“Where am I from?… I told you that was a hard question,” Mary Boyle, a professor in the cognitive science department, laughed, as she dove into a two-and-a-half hour conversation about her past. Just like her childhood, the scene on her office wall is constantly changing, since she loves to redecorate it every few years; today, one wall is covered in a Tahitian beach image wallpaper, which provides comfortable serenity.
“I guess I like to keep it changing, I’ve lived so many places that it’s nice to see it new,” Boyle said. And where is she from exactly? Well, that truly is a hard question.
Boyle was born in Venezuela and lived in countries throughout South America, including Uruguay and Chile, where she attended local schools until she was 12. Her father worked for General Motors, so they could go wherever there were cars; by the time she went to college, her father’s career brought them to Singapore, Germany, Japan, Australia and the Philippines. However, when her family moved to Belgium, she pressed pause on travel and moved to the U.S., on her own, to attend Georgetown University. At Georgetown she fell in love with computer science.
“It was the perfect place for me to go, because there were so many foreign people that I felt so at home,” Boyle said. “After that I fell in love with computer science and became like a consultant and I guess like a tutor. And then I got into special projects, and researched computational linguistics at General Motors Research … I worked on a secret project which was essentially the predecessor to Siri … which I was totally convinced was the CIA.”
After Georgetown she furthered her education at the University of Illinois, where Boyle both received a master’s degree in computational linguistics and met her husband,Tim Kraus. Afterward, Boyle moved to San Diego and obtained a Ph.D. in neuroscience at UCSD, where she labored on very hands-on projects.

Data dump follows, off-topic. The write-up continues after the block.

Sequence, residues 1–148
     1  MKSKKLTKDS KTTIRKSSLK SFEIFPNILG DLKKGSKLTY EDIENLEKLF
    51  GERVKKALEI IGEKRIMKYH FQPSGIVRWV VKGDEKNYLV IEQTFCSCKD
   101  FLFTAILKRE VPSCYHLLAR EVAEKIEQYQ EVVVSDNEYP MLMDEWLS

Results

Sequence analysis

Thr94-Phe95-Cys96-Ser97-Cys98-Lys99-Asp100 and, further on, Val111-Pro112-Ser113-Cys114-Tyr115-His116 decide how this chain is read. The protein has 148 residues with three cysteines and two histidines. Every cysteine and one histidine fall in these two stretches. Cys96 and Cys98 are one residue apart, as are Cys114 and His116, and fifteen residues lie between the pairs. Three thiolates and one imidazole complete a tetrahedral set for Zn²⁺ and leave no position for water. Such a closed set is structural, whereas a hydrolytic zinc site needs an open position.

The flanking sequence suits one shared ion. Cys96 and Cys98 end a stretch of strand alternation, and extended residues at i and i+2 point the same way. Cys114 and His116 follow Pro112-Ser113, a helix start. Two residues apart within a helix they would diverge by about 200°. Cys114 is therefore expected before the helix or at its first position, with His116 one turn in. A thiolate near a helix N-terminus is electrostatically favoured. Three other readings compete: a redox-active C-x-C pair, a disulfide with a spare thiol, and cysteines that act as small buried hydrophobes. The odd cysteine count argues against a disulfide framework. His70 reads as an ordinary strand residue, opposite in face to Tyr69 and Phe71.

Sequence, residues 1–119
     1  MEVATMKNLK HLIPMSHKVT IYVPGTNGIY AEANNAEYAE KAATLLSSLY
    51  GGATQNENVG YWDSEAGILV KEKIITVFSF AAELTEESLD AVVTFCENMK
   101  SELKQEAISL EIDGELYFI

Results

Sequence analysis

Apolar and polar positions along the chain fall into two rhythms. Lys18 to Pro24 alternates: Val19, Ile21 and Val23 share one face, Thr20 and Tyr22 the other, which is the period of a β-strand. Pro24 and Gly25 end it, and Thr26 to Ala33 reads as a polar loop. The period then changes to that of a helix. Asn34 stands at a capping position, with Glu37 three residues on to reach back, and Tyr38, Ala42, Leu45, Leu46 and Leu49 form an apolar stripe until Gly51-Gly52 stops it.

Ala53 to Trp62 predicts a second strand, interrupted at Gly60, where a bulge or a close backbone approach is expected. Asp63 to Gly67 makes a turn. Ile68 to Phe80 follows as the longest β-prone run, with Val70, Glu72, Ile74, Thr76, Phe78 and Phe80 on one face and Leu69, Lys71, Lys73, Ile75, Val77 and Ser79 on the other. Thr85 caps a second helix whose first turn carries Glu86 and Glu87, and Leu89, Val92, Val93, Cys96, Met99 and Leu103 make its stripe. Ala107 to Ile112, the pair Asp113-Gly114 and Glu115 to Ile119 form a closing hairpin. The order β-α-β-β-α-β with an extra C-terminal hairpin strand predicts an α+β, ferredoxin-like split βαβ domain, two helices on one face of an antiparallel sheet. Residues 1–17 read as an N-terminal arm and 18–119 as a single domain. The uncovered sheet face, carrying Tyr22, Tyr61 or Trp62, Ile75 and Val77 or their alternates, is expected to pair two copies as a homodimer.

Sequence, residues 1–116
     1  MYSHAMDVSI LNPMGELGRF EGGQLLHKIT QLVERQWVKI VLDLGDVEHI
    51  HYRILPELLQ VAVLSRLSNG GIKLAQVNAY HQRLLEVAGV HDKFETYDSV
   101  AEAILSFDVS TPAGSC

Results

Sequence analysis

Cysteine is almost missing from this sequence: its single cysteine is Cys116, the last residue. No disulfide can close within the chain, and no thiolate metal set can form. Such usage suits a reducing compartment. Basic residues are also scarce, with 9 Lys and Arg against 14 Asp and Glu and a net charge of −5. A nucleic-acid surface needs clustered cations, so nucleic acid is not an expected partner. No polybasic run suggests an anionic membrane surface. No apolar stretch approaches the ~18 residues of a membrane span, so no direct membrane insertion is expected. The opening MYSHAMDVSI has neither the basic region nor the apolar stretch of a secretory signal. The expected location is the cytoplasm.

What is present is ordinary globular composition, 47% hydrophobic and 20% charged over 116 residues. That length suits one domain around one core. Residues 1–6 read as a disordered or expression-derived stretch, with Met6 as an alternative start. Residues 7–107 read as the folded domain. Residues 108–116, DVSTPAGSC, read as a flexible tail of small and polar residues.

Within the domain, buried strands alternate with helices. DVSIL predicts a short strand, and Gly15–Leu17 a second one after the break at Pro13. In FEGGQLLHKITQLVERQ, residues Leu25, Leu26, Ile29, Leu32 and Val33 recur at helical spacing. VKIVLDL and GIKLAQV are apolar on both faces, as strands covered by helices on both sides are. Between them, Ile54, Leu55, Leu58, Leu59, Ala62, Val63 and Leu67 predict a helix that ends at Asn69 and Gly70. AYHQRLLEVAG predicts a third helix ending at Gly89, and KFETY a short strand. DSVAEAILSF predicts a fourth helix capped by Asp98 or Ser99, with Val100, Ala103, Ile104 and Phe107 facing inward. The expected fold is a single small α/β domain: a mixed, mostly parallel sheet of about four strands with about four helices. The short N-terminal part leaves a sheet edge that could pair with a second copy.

“I worked on lobsters and electrophysiology, and worked on the circuitry of little robots,” Boyle said of her graduate school experience.
As if that wasn’t enough, Boyle also swam on the UC masters swim team, and worked as a Spanish teaching assistant. Later, she received a post-doc position at the Burnham Institute in La Jolla where she researched pathfinding from the retina to the brain.
The year 1997 was pivotal for Boyle, as she had her first child and started her teaching career in the newly formed cognitive science department at UCSD, where she has been teaching ever since. Since then, Boyle has watched UCSD change dramatically; having been here for more than 20 years, she has seen the university grow from around 8,000 students to its current size of 31,052.
“There have been so many changes, but I feel that the character of the school has remained,” Boyle said. “UCSD has been the center of anything cognitive science since the early ‘80s and the vibe continues to be one of looking forward and [being] open to new ideas. The other thing that I know is the students, especially [those studying] cognitive science, are incredibly passionate, and that’s pretty cool.”
Currently, Boyle resides in Carlsbad with her husband and two sons, AJ and John Paul. She brings this philosophy of the department and her own to her teaching style.
“Moving around so much growing up, I always came into the school year in the middle and was always behind,” Boyle said. “So, I think that I teach with the knowledge that maybe people just need to be caught up … I also think differently, being exposed to different languages makes it so that I can think about concepts maybe a little bit differently or [more broadly]. I think in pictures, and teach with every lecture having a story.”
Her favorite class to teach is COGS 163, Metabolic Brain Disorders, a topic which is very close to home as her father has Alzheimer’s Disease. Motivated by such a personal issue, she will bring the full force of her intellect toward understanding Alzheimer’s and other metabolic brain disorders when she retires from teaching, after her youngest son finishes high school.
Boyle can be found walking through campus with Poly Ester, a golden retriever-poodle mix service dog she is training for her father, or in her office in the Cognitive Science building.
“I love having tea with my students, and in my office hours you never talk science, so they are more like a party,” Boyle said. “I really enjoy making my office feel at home, and making my students feel at home.”
In spite of being a rolling stone for much of her life, Boyle is happy to make UCSD her home. UCSD students can count themselves lucky for having such an experienced and dedicated professor stay here for so long.
“I love it here, I really do. I would’ve thought that after moving so frequently that I would be bored in one place, but it feels so fresh.” [icon name=”stop” class=”” unprefixed_class=””]